When prospective undergraduate students ask what their
career opportunities will be — or, even more likely,
when their parents ask what future there is in journalism — I
tell them that if they want a linear career, major in accounting.
My daughter majored in accounting, so I can get away with
that. And after a number of years as a CPA with PriceWaterhouseCoopers,
she decided she was "tired of working with numbers
and wanted to work with people." Aha, a Yogi Berra "fork
in the road." Her HR career is now quite successful.
In today's milieu of mobility, we no longer expect
linear careers, whether in the corporate or academic world.
Young people are advised they will have multiple employers
and may, almost as likely, be themselves entrepreneurs
at some point in their careers. Build a killer app, sell
it to Google or Amazon, use the millions to start your
next company. Isn't that the new American dream?
I came to USC via what poet Robert Frost might call the
road less travelled toward a deanship: a professional career
that included more than a decade abroad, a score of years
in that other alien land . . . the nation's capital
or the state of mind called "inside the Beltway."
Initially, I was a candidate to be dean of the then College
of Journalism and Mass Communications. But I received a
message from the chair of the dean search saying, "By
the way . . ." You should always be wary of those
three "red flag" words . . . by the way. We're
contemplating merging the journalism school and the College
of Library and Information Science. Would you tell us 'in
500 words or less' what you think of that.
A fork in the road.
And so, we velcroed two academic units together into the
College of Mass Communications and Information Studies.
There's logic to it. Information and communication
lie on a continuum, though one with many opportunities
to fork off onto other roads. And about the long college
name, Mr. President and Provost Amiridis. I'd love
to tighten it. Doesn't fit in a tweet.
To put it rather improbably, our two schools are conjoined
fraternal twins. Each has its own personality, culture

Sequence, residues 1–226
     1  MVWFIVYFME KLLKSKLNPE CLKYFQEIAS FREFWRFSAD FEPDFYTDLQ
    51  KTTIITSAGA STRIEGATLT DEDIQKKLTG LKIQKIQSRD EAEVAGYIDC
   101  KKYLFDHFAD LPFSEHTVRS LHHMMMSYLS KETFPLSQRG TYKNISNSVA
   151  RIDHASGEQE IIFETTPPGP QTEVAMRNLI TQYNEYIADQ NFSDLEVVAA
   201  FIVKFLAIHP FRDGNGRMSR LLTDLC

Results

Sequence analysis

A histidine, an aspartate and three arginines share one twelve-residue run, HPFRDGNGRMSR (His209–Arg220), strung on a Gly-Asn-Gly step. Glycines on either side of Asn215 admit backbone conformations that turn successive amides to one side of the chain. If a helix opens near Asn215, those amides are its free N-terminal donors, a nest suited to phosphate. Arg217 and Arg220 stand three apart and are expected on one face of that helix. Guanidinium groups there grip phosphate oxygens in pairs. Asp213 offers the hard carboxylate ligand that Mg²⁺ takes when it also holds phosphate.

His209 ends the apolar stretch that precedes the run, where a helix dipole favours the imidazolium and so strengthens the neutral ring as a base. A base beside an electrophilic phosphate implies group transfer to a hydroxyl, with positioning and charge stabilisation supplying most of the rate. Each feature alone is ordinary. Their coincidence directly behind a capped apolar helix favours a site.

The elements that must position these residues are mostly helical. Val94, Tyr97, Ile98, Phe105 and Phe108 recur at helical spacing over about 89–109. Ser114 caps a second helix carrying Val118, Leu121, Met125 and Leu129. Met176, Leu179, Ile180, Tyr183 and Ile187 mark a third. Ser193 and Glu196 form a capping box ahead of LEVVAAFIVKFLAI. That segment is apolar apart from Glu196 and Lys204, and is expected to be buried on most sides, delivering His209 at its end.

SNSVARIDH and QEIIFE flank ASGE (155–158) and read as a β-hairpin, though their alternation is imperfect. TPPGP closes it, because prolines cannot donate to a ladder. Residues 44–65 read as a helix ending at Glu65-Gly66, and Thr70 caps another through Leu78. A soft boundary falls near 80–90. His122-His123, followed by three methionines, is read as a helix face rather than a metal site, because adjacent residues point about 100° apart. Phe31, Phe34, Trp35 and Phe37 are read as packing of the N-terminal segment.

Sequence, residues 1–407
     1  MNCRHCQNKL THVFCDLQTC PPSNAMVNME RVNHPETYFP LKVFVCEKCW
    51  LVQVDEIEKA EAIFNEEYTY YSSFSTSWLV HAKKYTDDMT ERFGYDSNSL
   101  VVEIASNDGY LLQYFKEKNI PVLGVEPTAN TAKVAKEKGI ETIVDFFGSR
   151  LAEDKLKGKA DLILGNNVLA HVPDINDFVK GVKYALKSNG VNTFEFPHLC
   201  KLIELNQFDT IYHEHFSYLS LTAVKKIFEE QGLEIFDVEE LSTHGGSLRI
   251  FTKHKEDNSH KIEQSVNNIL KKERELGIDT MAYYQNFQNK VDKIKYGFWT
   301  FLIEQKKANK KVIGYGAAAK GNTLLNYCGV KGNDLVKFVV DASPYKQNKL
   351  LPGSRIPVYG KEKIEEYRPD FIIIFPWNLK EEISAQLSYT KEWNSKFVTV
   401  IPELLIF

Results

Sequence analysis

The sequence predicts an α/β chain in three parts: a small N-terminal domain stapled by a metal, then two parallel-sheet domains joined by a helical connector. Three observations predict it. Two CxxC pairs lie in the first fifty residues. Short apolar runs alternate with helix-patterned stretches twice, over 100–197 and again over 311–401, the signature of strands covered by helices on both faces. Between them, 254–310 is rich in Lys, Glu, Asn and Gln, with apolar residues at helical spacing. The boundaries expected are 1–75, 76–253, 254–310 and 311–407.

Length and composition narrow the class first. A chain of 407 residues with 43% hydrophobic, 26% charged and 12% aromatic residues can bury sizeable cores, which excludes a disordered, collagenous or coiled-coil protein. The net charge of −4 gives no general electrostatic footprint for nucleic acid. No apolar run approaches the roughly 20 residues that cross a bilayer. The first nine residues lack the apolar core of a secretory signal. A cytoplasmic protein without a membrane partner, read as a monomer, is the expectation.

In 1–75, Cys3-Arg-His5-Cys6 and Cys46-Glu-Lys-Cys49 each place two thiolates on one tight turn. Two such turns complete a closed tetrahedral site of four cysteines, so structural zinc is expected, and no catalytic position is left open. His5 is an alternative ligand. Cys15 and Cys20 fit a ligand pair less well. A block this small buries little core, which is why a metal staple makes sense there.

and accrediting body. And for those of you who have labored
in other corners of the university en route to your doctorates,
I'd remind you — as our hooding here reminds
us — of how many facets there are to this sparkling
diamond of a university.
I mentioned a moment ago the recent evening where we heard
Provost Amiridis say that in his academic career he is "most
proud of his doctoral students." That says a lot,
and it says something about the importance of the recognition
you are receiving.
One thing of which I am most proud is the creation of
a doctoral program in our School of Library and Information
Science. That is no mean accomplishment. In an entirely
different context, and with apologies for what the TV anchors
like to call its 'graphic nature,' a journalistic
colleague of mine, Bernard Redmont, who later became dean
at Boston University, described his years of covering the
Paris peace talks that ended the Vietnam War as akin to 'making
love to an elephant.' It's hard work, it takes
a long time to see any result, and you are liable to be
crushed by the experience.
Creating a doctoral program from scratch was hard work
and had a long period of gestation. But the birthing was
exhilarating. And we've seen the progeny over the
past year or so as the first of our Ph.Ds have walked this
The credit goes to our directors and faculty, especially
Dr. Sam Hastings, Dr. Jennifer Arns, and professors emeriti
Dan Baron and Bob Williams. Though we hood but a few each
year, we believe we add to the stature of the university
through the doctoral programs in both of our schools.
What I have truly relished about both of my related careers
in journalism and academe are the forks in the road, the
unexpected, the 'by the way' opportunities.
My apologies and my thanks for your forbearance in allowing
me to dwell so much in these remarks on my own experience,
well, mine and those of the esteemed Mr. Berra.
When I am asked to speak at undergraduate commencements,
or high school graduations. I tell those young people,
much as I am suggesting to you, though I suspect you know
it already, that the joys and trepidation — even
the thrills of uncertainty, lie along the roads less taken.
The road you have been on these few years is itself a road
less taken by a small percentage of those who even go to
college. And there is surely a fork ahead, perhaps just
outside the doors of the Koger Center.
Congratulations. Safe travels. God speed.